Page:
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After creating the tool, I clicked on the “calculate” option, and then checked to make sure that the toolpath was drawn correctly. I had placed the pieces too close together and the tool was not fitting through some of the pieces, so I had to go back and space them out. After re-importing the file and checking the toolpath, everything was working as it should, so I exported the g-code.

However, before milling the pieces I wanted to make sure that I was using the right measures for the cuts where the other pieces would fit together. For this, I used the same “comb” technique we had used last time for the laser cutter, to make the press fit kit. After milling this piece, the proper fit was with 5mm distance, so with that I made sure that the file (of the pieces of the dome I had created before for milling) would fit.

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Also, I corroborated the information obtained (the unions turned out very well with the exact measure of the thickness of the material) with other tests my labmates had done. With this, we got the correct properties and speeds for the tool.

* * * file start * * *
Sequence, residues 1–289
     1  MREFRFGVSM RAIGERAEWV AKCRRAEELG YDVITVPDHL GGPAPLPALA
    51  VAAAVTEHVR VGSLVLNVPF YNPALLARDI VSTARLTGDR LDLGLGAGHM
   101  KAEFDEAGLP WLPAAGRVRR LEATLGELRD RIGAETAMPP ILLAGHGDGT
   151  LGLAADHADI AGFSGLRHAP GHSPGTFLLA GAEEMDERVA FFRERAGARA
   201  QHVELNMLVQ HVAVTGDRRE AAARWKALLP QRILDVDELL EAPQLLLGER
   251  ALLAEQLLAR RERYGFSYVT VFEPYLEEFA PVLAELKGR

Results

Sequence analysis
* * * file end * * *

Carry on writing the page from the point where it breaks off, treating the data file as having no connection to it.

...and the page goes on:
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Observation: as the test pieces I had made cut properly (without any bridges or extra supports) I decided to send these pieces (as they were bigger than the test pieces) without any supports either. Alex did recommend we make bridges on the pieces though.

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Milling

This was the second assignment in which we used the CNC. The procedure for how to use it is explained in week 5 in the Making a PCB section. However, in order to understand the workflow better (as it differs a bit from milling PCB's) I will quote the procedure written during that weeks, adding edits in bold when something differs.

  1. Verify that you have the appropriate clothing and are following all safety measures for using the CNC; not long and dangly clothing, no loose hair, closed toe shoes. Use the safety glasses and ear muffs.